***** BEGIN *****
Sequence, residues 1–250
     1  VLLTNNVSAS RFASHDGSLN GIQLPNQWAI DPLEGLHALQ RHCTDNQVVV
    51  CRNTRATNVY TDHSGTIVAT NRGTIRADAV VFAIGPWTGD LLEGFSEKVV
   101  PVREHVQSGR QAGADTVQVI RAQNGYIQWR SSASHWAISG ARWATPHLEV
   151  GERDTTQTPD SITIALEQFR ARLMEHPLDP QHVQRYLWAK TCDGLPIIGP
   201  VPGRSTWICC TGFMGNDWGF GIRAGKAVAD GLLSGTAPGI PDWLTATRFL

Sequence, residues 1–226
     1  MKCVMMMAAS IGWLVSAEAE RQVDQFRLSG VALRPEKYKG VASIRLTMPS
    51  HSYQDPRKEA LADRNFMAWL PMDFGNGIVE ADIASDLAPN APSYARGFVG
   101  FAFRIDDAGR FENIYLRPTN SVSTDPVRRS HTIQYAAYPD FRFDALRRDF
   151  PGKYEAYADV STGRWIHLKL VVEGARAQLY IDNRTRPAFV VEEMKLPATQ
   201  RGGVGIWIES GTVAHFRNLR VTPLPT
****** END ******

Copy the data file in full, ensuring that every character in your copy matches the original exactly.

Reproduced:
Sequence, residues 1–250
     1  VLLTNNVSAS RFASHDGSLN GIQLPNQWAI DPLEGLHALQ RHCTDNQVVV
    51  CRNTRATNVY TDHSGTIVAT NRGTIRADAV VFAIGPWTGD LLEGFSEKVV
   101  PVREHVQSGR QAGADTVQVI RAQNGYIQWR SSASHWAISG ARWATPHLEV
   151  GERDTTQTPD SITIALEQFR ARLMEHPLDP QHVQRYLWAK TCDGLPIIGP
   201  VPGRSTWICC TGFMGNDWGF GIRAGKAVAD GLLSGTAPGI PDWLTATRFL

Sequence, residues 1–226
     1  MKCVMMMAAS IGWLVSAEAE RQVDQFRLSG VALRPEKYKG VASIRLTMPS
    51  HSYQDPRKEA LADRNFMAWL PMDFGNGIVE ADIASDLAPN APSYARGFVG
   101  FAFRIDDAGR FENIYLRPTN SVSTDPVRRS HTIQYAAYPD FRFDALRRDF
   151  PGKYEAYADV STGRWIHLKL VVEGARAQLY IDNRTRPAFV VEEMKLPATQ
   201  RGGVGIWIES GTVAHFRNLR VTPLPT